Battalions of the KAR

For most of the regiment’s life from its formation in 1902 until Britain’s Central and East African colonies became independent in the early 1960s, the regular peacetime establishment of the King’s African Rifles was six battalions.

KAR Recruiting Poster

Further battalions were raised at times of war or civil unrest.  This was often done by using a company from one battalion as a cadre for forming a new battalion.  The new battalion was then numbered after its parent battalion.  So a new battalion raised from a company cadre of the 6th (Tanganyika Territory) Battalion would become 2/6th (TT) Battalion.  During the Second World War the numbering of offspring battalions was simplified so 2/6th Battalion became 26th Battalion.

The six regular battalions were each associated with one of Britain’s Central or East African colonies.  At independence each of these country’s KAR battalions became the nucleus for its newly independent army.

However, the composition of the six peacetime battalions changed over the sixty-year course of the KAR’s existence, a summary is set out below:-

  • Central African Rifles by modern model maker Nostalgia

    1st (Nyasaland) Battalion KAR – also known as 1st (Central African) Battalion – formed from the earlier Central African Rifles; became the Malawi Rifles on independence in 1964.

  • 2nd (Nyasaland) Battalion KAR – also known as 2nd (Central African) Battalion – also formed from the earlier Central African Rifles; became 2nd Battalion Northern Rhodesia Regiment in 1962 and subsequently the Zambia Regiment on independence.
  • 3rd (East African) Battalion KAR – later known as 3rd (Kenya) Battalion – formed from the earlier East African Rifles; became 1st Battalion Kenya Rifles on independence in 1963.
  • 4th (Uganda) Battalion KAR – formed from the African Companies of the earlier Uganda Rifles; became the basis for the Uganda army on independence in 1962.
  • Uganda Rifles by modern model maker Nostalgia

    5th (Uganda) Battalion KAR – also known before the First World War as 5th (Indian) Battalion – the senior KAR Battalion as it was the first to be raised as the Indian contingent of the earlier Uganda Rifles – disbanded in 1904, reformed in 1916, disbanded again in 1925, reformed again in 1930; became 2nd Battalion Kenya Rifles on independence.

  • 6th (Somaliland) Battalion KAR, disbanded in 1910, reformed as 6th Battalion (Tanganyika Territory) KAR in 1917, in Britain’s newly-acquired Tanganyika Territory (formerly German East Africa, now Tanzania).  Many askari from von Lettow-Vorbeck’s German Schutztruppe re-enlisted in the KAR.  Became the Tanganyika Rifles on independence in 1961.

At the time of independence in the 1960s, there were two further KAR battalions:-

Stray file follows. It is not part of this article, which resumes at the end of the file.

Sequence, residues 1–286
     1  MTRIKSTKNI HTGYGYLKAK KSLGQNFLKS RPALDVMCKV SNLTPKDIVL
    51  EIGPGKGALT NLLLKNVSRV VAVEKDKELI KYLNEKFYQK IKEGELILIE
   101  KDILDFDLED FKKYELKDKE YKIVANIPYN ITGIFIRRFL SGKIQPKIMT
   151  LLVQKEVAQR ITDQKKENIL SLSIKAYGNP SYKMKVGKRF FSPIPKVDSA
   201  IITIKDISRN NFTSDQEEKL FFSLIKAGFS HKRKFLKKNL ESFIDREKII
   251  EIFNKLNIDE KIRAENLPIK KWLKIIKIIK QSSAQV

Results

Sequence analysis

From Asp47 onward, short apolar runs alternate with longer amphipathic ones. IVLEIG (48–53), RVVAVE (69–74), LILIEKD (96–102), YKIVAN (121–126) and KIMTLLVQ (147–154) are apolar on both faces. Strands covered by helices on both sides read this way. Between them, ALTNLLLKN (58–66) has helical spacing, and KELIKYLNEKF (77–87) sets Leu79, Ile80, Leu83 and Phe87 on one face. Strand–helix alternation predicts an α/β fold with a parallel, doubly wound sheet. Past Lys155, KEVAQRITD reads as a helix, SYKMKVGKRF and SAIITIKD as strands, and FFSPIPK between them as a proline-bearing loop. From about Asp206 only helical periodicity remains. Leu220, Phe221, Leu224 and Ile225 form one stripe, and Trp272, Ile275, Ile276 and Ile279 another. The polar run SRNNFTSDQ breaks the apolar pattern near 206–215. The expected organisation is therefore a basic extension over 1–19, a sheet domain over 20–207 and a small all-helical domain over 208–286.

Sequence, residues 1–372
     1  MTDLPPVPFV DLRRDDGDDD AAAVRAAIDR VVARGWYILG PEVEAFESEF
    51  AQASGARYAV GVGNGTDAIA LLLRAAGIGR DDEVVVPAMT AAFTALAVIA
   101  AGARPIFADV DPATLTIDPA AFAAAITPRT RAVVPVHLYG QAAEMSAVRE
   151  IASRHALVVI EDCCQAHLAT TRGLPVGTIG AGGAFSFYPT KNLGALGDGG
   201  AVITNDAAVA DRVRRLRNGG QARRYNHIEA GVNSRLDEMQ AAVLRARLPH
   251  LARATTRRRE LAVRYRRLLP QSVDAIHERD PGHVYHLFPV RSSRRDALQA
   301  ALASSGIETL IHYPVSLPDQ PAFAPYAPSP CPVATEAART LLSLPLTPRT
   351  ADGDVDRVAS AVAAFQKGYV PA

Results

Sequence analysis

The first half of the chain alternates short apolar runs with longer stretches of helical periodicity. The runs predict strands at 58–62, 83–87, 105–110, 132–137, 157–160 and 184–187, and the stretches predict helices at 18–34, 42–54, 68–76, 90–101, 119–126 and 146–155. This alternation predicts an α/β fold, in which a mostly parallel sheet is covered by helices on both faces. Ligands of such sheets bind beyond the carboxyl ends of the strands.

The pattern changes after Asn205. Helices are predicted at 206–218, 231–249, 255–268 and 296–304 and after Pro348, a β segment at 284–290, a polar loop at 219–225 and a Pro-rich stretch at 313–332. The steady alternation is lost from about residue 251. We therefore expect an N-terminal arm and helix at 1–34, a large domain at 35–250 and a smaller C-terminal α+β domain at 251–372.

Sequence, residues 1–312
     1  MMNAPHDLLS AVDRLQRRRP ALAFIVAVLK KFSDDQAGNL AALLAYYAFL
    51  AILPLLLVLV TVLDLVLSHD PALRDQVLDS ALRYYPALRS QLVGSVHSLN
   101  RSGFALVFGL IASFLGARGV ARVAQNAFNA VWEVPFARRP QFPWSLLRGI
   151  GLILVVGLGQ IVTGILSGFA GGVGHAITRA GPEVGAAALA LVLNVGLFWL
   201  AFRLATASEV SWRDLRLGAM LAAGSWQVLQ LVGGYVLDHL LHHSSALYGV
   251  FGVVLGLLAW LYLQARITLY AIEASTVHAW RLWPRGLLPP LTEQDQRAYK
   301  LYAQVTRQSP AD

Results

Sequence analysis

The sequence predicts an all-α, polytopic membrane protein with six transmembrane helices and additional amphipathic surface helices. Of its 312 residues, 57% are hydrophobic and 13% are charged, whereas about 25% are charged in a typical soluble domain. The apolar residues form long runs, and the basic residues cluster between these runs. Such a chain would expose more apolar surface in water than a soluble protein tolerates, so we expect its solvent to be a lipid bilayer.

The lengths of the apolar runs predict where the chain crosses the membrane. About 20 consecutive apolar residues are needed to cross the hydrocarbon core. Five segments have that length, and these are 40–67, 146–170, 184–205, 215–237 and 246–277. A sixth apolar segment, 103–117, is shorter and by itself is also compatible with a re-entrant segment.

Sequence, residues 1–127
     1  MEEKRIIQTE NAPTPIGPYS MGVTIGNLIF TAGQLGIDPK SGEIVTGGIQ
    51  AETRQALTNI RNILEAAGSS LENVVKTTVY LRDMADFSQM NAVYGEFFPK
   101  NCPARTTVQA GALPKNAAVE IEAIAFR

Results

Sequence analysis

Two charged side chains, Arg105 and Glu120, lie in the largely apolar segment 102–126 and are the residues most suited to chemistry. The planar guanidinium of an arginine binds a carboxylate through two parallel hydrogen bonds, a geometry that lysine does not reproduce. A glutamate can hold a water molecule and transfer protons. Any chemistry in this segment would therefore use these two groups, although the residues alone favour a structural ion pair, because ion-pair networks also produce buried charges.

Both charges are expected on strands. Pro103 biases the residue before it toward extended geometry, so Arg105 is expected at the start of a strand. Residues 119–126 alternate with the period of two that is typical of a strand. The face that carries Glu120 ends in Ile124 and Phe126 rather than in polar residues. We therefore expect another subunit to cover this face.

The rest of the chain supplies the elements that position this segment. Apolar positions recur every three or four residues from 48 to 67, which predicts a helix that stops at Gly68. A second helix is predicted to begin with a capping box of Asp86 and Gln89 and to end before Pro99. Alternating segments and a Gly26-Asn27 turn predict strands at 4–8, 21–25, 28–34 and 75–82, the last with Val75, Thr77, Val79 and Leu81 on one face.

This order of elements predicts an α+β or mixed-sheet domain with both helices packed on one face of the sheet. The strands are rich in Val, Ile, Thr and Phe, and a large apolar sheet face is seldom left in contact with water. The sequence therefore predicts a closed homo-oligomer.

• 11th Battalion KAR, which became 3rd Battalion Kenya Rifles on independence, and
  • 26th Battalion KAR, which became 2nd Battalion Tanganyika Rifles on independence.

King’s African Rifles Off to War – Painting by P.W.G. Maloba showing 4th (Uganda) Bn KAR, WWII

For much of the regiment’s history, the name “King’s African Rifles” was also used to describe the British East African Land Forces Command – and so a number of other combat and support units were sometimes described as being part of the KAR, including the East African Armoured Car Regiment and the Somaliland Camel Corps (SCC).

Somaliland Camel Corps by modern model maker Dorset Soldiers – with other figures

The SCC were formed in March 1914 from an earlier Camel Constabulary, in recognition of the usefulness of camels in the arid Somali hinterland.

The SCC served with the KAR in campaigns against the Mad Mullah and continued to police the Somaliland territory between the First and Second World Wars until it was overwhelmed after a spirited defence by the Italian East African offensive in August 1940.

The SCC was re-formed and mechanised during the British campaign to recapture Somaliland twelve months later in 1941, but was permanently disbanded in 1943 after a series of mutinies.

Somaliland Camel Corps cigarette card by Players 1938

Through its life the SCC varied in strength between 400 and 700 Askari and 14 to 20 white British officers.

No old toy soldier maker made a figure of the Somaliland Camel Corps in their own era, however modern model maker Dorset Soldiers made the figure shown in the picture above for me about ten years ago – with an officer and askari from the KAR in the foreground also by Dorset Soldiers and an unknown figure in the background.

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